“The Sun Also Rises” was a famous Hemingway novel. We might also say the sun always rises. Boy does it now rise!
And oh, though it’s right up there glaring at us, how often we forget it.
In all the endless fruitless debate over climate swerves, there is nearly total neglect of the number-one gamechanger, that solar orb, the nearest star, that heats and brightens, that enlightens, that pulses at places like Fatima and Medjugorje, and, at times, at 103 times the diameter of earth, and 330,000 times its mass, threatens.
The menace most frequently comes by way of sunspots that affect global temperatures and solar “storms” that can send “tsunamis” of electromagnetism to earth, heating our atmosphere, disrupting earth’s magnetosphere, and potentially taking down our entire electrical grid. At the very least, it can harm satellites and disrupt critical radio signals and GPS systems.
Just such a warning and threat — potential threat — was in last week’s news.
Said HT Tech: “The sun is facing a ‘chain explosion’! On February 24, an eruption occurred on a magnetic filament linked to sunspot AR3229, which is expected to spark a geomagnetic storm on earth.
“Not just this, according to a report by spaceweather.com. Earth’s magnetic field is about to receive a double blow too! First it will be from a solar wind stream, and then from a CME, both arriving around February 27th.”
Not to panic, though:
It may cause little more than enhanced northern lights.
But such “lights” (the aurora borealis) were the great sign at Fatima in 1938 (presaging a world war), and it isn’t just solar flares: No, there are other solar forces (including ones yet to be discovered) that can greatly affect and afflict, and we certainly see things in nature acting in peculiar ways.
In the news, a rare snowfall in the Los Angeles area is right next to a story about ice sheets reaching record-low levels in the Antarctic.
Western New York has an unusually mild winter — though not parts of Buffalo, which had a monumental blizzard!
Drought one year, in America’s Southwest, deluges the next.
Drought too in Europe — when there aren’t mudslides (from “black-alert” rainfall) and floods in New Zealand and South America.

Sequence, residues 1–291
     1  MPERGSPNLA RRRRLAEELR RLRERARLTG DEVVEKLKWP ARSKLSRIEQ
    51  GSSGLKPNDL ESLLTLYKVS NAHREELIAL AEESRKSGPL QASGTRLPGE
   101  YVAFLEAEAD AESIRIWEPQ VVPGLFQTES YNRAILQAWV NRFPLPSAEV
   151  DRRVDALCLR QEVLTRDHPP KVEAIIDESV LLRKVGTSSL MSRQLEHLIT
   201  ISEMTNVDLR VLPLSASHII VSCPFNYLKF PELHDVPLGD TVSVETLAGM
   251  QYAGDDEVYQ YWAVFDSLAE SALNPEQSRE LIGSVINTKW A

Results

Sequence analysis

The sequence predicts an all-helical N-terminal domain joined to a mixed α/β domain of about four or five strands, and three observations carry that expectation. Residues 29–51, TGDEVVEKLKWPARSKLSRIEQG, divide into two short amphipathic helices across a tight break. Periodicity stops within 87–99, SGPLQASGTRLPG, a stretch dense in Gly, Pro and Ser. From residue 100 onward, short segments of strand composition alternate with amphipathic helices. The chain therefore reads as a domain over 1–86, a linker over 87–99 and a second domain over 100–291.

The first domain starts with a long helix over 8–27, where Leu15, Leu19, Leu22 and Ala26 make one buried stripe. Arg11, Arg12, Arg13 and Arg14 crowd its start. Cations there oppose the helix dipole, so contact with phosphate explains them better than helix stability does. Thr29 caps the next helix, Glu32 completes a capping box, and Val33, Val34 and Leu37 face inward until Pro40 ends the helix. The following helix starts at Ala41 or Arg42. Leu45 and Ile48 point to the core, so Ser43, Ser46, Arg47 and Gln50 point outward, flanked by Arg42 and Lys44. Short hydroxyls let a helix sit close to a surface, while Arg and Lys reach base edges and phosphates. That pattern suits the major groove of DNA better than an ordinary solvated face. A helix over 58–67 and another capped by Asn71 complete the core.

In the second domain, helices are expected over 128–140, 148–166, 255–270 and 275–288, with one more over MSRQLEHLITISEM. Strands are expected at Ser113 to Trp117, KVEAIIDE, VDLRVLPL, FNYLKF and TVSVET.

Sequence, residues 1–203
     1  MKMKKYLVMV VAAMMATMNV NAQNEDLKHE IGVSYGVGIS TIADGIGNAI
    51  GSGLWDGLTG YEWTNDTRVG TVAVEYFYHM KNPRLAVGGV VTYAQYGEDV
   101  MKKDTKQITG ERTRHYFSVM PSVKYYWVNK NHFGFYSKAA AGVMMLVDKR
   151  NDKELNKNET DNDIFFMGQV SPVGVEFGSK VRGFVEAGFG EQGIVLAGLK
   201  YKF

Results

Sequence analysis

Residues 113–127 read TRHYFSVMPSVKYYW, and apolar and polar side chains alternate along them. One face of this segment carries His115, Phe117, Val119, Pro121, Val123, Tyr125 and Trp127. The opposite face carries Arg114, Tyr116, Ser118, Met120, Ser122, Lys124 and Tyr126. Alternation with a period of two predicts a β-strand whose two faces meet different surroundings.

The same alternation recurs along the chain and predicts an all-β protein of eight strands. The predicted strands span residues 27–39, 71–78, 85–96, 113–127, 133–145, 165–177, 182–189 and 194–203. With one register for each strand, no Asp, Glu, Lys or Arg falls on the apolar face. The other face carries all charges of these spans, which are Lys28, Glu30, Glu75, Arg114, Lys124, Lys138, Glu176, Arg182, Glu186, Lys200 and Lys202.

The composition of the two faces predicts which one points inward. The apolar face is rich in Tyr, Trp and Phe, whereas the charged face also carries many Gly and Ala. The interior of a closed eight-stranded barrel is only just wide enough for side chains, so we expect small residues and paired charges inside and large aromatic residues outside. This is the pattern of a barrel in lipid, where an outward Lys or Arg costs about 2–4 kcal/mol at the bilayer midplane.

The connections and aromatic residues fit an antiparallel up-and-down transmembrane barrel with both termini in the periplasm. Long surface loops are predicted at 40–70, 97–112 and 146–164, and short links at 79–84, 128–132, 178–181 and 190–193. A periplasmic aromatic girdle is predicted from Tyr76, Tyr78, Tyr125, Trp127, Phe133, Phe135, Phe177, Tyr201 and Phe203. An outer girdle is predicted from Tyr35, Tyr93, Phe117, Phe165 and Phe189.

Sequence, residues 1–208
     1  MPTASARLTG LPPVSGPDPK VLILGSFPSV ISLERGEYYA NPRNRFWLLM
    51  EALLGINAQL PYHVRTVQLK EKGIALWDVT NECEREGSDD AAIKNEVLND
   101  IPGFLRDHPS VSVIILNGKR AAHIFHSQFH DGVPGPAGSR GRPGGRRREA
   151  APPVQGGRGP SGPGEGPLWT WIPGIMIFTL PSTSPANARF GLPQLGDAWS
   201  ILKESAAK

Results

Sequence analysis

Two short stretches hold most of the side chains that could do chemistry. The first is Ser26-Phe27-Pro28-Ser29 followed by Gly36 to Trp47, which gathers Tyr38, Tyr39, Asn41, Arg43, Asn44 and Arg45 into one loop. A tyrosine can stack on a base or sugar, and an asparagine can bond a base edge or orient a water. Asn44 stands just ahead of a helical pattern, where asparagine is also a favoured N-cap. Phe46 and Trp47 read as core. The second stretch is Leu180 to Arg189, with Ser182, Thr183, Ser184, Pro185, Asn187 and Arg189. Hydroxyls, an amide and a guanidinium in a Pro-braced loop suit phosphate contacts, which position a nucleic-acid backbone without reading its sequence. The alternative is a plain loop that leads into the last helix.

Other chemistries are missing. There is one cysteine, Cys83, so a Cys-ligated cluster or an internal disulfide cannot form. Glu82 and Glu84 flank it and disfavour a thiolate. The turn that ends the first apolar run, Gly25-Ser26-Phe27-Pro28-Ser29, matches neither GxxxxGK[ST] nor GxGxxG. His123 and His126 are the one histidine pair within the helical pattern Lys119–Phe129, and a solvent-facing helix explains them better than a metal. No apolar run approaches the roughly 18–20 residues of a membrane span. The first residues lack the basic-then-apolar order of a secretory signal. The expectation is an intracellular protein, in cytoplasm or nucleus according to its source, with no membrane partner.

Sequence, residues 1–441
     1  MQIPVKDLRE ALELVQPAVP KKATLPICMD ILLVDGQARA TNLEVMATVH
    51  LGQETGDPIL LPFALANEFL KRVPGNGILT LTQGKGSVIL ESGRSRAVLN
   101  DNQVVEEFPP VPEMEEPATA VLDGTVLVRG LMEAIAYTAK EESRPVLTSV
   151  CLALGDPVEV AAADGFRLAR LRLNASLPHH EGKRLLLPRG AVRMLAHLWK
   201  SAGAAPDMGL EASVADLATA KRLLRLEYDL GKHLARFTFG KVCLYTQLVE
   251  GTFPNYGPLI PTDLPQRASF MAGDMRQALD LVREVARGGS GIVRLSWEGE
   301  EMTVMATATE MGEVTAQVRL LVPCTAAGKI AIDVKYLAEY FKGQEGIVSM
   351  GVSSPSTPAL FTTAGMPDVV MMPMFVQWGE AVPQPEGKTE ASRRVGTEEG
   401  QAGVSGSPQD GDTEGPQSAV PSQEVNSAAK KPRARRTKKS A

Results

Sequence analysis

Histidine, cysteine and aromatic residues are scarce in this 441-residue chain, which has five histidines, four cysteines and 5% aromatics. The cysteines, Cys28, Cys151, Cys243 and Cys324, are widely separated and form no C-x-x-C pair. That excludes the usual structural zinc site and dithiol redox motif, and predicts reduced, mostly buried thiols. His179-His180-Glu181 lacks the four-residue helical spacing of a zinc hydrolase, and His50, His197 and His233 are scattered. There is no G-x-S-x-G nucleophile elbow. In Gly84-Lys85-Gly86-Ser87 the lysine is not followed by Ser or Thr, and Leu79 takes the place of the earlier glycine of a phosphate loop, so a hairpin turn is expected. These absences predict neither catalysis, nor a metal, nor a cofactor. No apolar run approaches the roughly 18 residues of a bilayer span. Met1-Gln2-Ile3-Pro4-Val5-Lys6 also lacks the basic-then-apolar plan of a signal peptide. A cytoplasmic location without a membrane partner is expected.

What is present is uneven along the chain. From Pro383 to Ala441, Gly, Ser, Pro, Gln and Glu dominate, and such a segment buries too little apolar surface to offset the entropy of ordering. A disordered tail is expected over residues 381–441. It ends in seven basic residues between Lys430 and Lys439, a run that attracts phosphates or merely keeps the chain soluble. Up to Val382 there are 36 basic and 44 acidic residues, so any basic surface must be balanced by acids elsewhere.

A cold winter in northern Florida — very — while Icelanders bask in the sun.
Skynews yesterday: “The sun has released an incredibly powerful X-class solar flare.”
The X-class flare, also known as a ‘solar tsunami’, occurred on the 17th of February.
The intensity of the flare was felt all the way back on Earth, causing radio blackouts for parts of America.
In today’s news: “Powerful storms with widespread wind gusts and reported tornadoes swept across Oklahoma and Kansas, leaving more than a dozen people injured, and some Michigan residents faced a fifth-straight day Monday without power following last week’s ice storm.”
Also in today’s news: “As severe storms prompted at least nine tornado reports in parts of the central US, a barrage of snow, rain and harsh wind is forecast Monday in places from the West Coast to the Great Lakes, including some still without power following a similar string of severe weather last week.”
Apocalypse? No “sign” of that. Not quite.
But nature is speaking to us. (Loudly.)
And we do have to pay mind to sunspots, an overabundance of which caused the great Medieval Warming and a dearth of which — immediately following global warming in the Middle Ages — caused a “little ice age.”
As for geomagnetic storms, they could take down all our electronics — for hours, days, or months (if not longer). Notes Dot.LA: “In the fall of 1859, astronomers around the world were awed and terrified by what is still considered the largest and most well-documented solar storms ever. Dubbed the Carrington Event, the geomagnetic disturbance was only visible for several minutes but had lasting effects on the planet for days.
“Radios were temporarily rendered inoperable and telegraph lines were taken out across North America. The telegraph pylons sparked, their platinum heated nearly to its melting point producing ‘streams of fire.’ One telegraph operator was injured after a live ground wire shocked him in the head.”
Indeed Lloyd’s of London calculated in 2013 that another Carrington-type outage would cost up to $2.6 trillion.
If electronics fail, one can spend an entire day pondering the disruptions — which could become apocalyptic — to the societies of men.